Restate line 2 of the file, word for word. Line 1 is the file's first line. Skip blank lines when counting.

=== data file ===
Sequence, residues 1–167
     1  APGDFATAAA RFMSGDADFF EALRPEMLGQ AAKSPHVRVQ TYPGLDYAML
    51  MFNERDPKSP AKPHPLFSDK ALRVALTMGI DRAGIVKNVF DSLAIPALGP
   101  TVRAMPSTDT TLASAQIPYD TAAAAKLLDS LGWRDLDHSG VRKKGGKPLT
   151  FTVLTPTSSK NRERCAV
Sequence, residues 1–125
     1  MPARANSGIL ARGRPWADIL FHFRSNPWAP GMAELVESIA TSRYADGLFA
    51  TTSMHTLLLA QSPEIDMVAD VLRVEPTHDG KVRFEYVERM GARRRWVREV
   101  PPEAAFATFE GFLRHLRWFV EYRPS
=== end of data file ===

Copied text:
     1  APGDFATAAA RFMSGDADFF EALRPEMLGQ AAKSPHVRVQ TYPGLDYAML